Janine K. Iannarelli
Janine K. Iannarelli

Aircraft Broker Janine K. Iannarelli

Par Avion’s founder and president talks about her profession’s role, and about what aircraft buyers and sellers need to know about it.

Janine K. Iannarelli, founder and president of Houston-based aircraft brokerage Par Avion, was recruited directly out of college in 1983 by then-fledgling business aviation data tracker Amstat. She says she accepted the position “based on advice from a professional in the advertising field, which I thought I was going into.” Iannarelli had also had a temp job at an air charter company and felt confident she knew that industry, which she says was “so not true, as I came to discover.” But Amstat gave Iannarelli “good exposure to brokers and dealers,” and from there she went to work for Texas brokerage AeroSmith Penny. “The rest is history,” she says. 

When she founded Par Avion in 1997, only a few women were working in business aircraft sales, Iannarelli says, “so certainly the ranks have grown.” Now, with the brokerage business, like other aviation fields, facing job vacancies, she’d “like to see more women be the ones to fill them.” 

Warm, stylish, and articulate, Iannarelli admits to a competitive streak. “I grew up with three siblings,” she says. “Everything’s a competition.” That’s a trait she brings to her work, along with an unabashedly optimistic viewpoint that she sums up this way: “I don’t see problems—I see challenges worth meeting.”

Where is the demand and where are the values in today’s preowned market?

There’s a lot of demand now in the super-midsize category—that’s where the popularity is. The bulk of activity is still super-midsize and midsize, regardless of age, like the classic Falcon 900s. There’s tremendous value for the money. It was a sleepy market at the beginning of last year. That market is sleepy no more.

Big jets enjoyed great activity in 2018. In the fourth quarter, we watched prices for Globals across the spectrum trend downward and saw price reductions in the Global 6000. We see real value in that market—the 5000, the 6000, the XRS.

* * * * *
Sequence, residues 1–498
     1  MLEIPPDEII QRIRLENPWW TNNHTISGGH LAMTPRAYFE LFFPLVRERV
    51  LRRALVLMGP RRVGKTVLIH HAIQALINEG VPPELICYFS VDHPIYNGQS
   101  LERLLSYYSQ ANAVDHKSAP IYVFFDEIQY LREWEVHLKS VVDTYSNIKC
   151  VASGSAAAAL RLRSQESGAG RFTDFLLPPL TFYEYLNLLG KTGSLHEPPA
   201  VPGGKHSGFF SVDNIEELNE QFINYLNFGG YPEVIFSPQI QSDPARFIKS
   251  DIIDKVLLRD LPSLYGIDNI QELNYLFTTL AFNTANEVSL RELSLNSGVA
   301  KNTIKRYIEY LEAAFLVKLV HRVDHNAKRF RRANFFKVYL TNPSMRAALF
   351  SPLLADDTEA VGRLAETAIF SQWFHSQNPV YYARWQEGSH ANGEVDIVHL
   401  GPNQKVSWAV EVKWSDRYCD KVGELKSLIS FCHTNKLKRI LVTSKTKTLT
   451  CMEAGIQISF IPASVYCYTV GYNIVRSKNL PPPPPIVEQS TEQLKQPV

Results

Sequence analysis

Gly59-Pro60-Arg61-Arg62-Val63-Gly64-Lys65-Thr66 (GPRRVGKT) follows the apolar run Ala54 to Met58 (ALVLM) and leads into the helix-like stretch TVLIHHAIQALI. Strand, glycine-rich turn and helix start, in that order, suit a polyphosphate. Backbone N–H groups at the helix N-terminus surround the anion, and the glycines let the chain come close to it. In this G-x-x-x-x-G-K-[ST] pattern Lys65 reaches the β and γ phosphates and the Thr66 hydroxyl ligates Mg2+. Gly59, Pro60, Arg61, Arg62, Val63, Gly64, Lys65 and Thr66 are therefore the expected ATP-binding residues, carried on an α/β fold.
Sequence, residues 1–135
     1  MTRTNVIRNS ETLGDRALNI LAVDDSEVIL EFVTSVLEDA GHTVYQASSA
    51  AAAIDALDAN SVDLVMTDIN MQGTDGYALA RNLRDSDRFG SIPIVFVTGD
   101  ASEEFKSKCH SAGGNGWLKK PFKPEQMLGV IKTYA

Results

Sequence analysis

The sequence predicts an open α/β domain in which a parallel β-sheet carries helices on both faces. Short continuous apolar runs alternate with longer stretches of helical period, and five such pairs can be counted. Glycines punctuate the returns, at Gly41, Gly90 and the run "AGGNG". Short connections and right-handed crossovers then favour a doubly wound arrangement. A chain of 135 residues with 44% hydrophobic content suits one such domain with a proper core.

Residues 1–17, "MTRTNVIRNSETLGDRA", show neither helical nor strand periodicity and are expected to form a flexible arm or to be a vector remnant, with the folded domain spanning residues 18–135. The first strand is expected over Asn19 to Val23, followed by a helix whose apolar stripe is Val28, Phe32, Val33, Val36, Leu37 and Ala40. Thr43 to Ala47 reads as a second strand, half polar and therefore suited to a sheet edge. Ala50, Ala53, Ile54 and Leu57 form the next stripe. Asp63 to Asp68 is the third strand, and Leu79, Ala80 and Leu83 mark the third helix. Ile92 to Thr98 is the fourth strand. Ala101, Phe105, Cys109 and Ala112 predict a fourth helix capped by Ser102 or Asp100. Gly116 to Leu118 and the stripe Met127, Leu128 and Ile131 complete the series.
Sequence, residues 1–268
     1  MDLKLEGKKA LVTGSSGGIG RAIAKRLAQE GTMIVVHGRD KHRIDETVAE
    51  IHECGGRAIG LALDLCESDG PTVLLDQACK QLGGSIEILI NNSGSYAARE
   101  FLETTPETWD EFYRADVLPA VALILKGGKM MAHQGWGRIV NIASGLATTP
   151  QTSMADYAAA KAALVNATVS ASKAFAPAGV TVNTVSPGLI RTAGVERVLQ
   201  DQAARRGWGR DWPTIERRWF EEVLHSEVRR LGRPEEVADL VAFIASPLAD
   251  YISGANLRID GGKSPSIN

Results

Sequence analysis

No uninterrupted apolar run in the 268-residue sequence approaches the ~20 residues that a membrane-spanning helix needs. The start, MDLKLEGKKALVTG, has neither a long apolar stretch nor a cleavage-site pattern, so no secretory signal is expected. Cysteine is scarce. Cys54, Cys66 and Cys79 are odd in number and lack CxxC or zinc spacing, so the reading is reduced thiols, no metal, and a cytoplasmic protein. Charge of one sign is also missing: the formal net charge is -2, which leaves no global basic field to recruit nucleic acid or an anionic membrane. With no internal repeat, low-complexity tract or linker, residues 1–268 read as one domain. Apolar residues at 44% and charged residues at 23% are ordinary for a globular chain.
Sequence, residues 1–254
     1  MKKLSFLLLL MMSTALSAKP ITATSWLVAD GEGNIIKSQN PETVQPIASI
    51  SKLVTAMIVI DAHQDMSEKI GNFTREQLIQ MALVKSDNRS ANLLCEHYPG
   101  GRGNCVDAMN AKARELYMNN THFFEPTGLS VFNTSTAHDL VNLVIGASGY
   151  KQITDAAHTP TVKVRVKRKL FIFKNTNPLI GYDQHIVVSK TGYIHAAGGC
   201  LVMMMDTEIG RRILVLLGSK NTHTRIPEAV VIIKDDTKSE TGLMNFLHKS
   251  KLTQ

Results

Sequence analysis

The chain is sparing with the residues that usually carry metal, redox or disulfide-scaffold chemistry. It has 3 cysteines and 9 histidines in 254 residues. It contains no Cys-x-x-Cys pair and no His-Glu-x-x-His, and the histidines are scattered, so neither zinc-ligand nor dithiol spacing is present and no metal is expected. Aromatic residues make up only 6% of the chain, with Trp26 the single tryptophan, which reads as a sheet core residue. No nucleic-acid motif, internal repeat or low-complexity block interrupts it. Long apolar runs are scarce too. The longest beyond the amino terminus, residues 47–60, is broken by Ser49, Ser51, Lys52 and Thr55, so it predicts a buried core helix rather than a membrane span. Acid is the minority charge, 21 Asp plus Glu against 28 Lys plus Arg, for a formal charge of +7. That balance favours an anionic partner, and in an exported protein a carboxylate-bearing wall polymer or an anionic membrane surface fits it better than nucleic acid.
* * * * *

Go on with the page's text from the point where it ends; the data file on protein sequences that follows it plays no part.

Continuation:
How do you see your role as a broker?

I’ve always been a project manager, marshaling everyone toward the finish line. I’ve never left any client wondering, “What’s the next step?” I will take you from start to finish. Par Avion is small, with a couple of support people. We’re not a maintenance company, not a legal consulting entity; we’re a sales company with a little bit of knowledge in all those disciplines, and we contract expertise to help you achieve the best results. 

Some brokerages tout multiple locations, transaction numbers, and gross sales figures.

I think statistics are smoke and mirrors. I focus on the quality of the transactions. I can’t dictate how many deals I’ll do in a year; if you’re truly applying your time and other resources, one deal could take four or five months. The number-one element, for a discerning buyer or seller, is quality, not quantity.

Some market watchers report a shortage of available quality preowned aircraft.

Look who’s doing the talking. It gets back to that “size matters” argument. A boutique [broker] is always better when you talk about inventory and shortages. People accustomed to selling perfect and near-perfect airplanes are at a disadvantage when there’s only less than perfect. But with prior experience, you can help clients see their way to a near-perfect airplane. You’re not necessarily going to stumble on an airplane that’s cosmetically acceptable, between inspections, and equipped like you want. That’s when you become a salesperson, and depth of experience becomes really important.

I concluded a classic Falcon 900 transaction last year with a first-time buyer. It was about to be input for a major airframe inspection and avionics upgrade, and it was going to take longer to start flying than he expected. But I saw that as an opportunity. I said, “You would have lived with the interior, but now you can do it the way you want.” Meanwhile, he needed lift so I sourced for him a perfect operating lease, and we delivered a heck of a product at the end of the day.

Who are your buyers?